Explanations cont’d • Institutionalized discrimination based on gender. • Sexism—the belief that one sex is by nature superior to the other.
Sexism • Like with racism, sexism is a self-fulfilling prophecy. • Men who view women as inferior often prevent the entrance of women into powerful roles in society: business, politics, and the profession. • Women who accept this do not attempt to obtain careers in these areas and therefore there are not enough women in powerful positions to push for greater and equal access.
Gender Inequality in the United States The Women’s Movement
Background • Less than 150 years ago, women in the U.S. were considered to be second-class citizens. • Few rights: couldn’t vote, sign contracts, or sit on juries. • Only received the most basic education and most jobs were not available to them.
The Women’s Movement • Believed that the sexes were socially, politically, and economically equal. • Most important reform was suffrage: the right to vote.
Suffrage • Some states did pass laws giving women greater rights: Wyoming, Utah. • 19th Amendment in 1920 gave women the right to vote.
1920-1960 • The women’s movement was inactive for the next 40 years. • The Feminine Mystique by Better Friedan, sparked action once again. She rejected the idea that women were OK with the roles of wife and mother. • “The feminine mystique” she claimed was the glorification of such roles, and a ploy to keep women in secondary position in society.
Education • Prior to 1979, women were under-represented in college and universities. • Today, women make up nearly 60% of the total college population. • However, there are distinctions in degree majors.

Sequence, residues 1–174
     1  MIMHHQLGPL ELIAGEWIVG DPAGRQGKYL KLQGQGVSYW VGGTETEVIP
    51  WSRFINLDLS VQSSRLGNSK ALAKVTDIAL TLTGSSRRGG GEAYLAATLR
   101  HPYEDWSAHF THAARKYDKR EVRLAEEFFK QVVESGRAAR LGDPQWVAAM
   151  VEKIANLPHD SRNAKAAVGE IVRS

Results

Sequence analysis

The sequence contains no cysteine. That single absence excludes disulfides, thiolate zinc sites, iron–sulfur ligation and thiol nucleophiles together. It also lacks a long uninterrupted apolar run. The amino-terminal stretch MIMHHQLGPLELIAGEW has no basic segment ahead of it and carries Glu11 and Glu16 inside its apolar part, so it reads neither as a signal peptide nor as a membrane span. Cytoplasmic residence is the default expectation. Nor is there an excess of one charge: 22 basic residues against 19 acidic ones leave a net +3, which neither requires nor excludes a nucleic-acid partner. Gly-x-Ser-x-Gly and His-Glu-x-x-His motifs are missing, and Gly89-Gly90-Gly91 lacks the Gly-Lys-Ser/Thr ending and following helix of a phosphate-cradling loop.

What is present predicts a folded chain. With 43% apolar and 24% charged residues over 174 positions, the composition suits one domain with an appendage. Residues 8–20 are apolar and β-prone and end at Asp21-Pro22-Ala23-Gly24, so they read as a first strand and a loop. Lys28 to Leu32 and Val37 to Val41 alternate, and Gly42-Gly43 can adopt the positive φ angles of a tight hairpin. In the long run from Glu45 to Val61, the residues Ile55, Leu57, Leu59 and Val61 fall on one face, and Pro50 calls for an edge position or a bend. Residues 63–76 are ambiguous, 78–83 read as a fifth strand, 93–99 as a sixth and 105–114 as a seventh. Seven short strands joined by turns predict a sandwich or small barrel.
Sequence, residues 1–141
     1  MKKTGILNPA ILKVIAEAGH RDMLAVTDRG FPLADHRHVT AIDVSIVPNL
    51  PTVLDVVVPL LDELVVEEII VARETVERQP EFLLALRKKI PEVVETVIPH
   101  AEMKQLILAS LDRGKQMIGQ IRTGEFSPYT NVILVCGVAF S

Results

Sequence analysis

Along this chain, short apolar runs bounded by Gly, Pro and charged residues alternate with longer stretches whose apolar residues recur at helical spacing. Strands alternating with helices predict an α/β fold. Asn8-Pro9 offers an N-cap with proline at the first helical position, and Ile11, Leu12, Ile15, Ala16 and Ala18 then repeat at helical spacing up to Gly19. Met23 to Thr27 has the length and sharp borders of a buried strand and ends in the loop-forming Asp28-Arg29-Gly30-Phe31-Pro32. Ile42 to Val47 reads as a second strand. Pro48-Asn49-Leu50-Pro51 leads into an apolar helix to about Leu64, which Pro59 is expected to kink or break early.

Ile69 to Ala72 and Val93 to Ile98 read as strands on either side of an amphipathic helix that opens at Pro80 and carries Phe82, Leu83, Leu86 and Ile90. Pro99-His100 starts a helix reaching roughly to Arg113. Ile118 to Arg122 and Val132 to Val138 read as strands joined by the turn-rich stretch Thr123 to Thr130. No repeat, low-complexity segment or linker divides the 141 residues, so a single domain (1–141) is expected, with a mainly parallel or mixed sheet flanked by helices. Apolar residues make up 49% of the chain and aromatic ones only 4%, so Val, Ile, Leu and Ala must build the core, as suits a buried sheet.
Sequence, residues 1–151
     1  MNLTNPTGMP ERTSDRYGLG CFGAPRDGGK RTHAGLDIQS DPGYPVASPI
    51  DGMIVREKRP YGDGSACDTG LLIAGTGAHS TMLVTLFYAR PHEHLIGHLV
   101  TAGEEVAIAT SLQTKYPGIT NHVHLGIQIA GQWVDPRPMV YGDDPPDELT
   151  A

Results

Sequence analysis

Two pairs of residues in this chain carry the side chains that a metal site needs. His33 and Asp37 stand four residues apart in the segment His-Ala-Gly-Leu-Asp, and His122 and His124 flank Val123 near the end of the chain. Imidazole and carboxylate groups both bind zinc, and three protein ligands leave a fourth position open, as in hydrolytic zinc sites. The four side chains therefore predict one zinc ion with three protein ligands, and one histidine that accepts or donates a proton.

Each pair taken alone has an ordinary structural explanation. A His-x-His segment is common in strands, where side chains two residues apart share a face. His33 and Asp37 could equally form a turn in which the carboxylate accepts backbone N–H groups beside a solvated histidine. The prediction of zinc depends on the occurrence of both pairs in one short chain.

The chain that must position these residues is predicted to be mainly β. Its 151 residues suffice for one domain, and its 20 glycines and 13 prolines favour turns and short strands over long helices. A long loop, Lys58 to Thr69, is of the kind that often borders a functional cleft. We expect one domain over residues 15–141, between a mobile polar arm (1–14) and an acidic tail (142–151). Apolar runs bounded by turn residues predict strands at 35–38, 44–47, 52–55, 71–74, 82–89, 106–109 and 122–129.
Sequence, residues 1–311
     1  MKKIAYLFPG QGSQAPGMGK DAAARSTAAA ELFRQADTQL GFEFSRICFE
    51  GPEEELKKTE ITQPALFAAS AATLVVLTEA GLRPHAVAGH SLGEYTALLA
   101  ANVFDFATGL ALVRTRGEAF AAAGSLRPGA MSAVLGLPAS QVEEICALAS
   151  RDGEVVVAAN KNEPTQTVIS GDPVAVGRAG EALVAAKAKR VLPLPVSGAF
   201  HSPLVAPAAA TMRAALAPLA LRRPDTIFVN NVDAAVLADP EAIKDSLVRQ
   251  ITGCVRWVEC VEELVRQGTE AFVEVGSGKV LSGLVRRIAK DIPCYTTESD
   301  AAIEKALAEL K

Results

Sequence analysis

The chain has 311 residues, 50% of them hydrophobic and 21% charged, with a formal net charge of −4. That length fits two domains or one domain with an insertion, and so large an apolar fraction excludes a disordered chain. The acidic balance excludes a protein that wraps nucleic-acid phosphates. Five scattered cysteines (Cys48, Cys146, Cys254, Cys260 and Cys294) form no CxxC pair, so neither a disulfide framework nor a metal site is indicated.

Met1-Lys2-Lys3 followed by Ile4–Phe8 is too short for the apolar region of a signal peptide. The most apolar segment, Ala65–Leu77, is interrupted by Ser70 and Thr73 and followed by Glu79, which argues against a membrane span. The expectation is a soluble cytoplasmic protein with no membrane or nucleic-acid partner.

Education • Pursue degrees in: • Physical science • Engineering • Architecture • Pursue degrees in: • Education • The humanities • Library-science • Women make up 57% of those in graduate school, yet are less likely to pursue doctorates or professional degrees. Men Women
Education Who’s earning what?
College and high school athletics • In the early 1970s, funding for women’s sports was nonexistent. • Education Amendment Act of 1972, or Title IX bars discrimination on the basis of gender in any program—including athletics—at any educational institution receiving federal funds.
The workforce • One thing that has changed little: the wage gap– the level of women’s income relative to that of men. Today, the gap is around 75 cents to the dollar. • On average, women earn nearly $10,000 less than men annually.
The workforce • The glass ceiling: is the invisible barrier that prevents women from gaining upper-level positions in business.
The workforce • Sociologist Arlie Hochschild noted that working wives work a second shift, after their day at work, they also have household duties to complete.
Politics • Women make up over 52% of the voting population and are more likely to vote in elections. • Today women hold 16% of U.S. Representative seats and 12% of U.S. Senate seats. • High profile politicians: Hillary Rodham-Clinton, Michelle Bachmann, Sarah Palin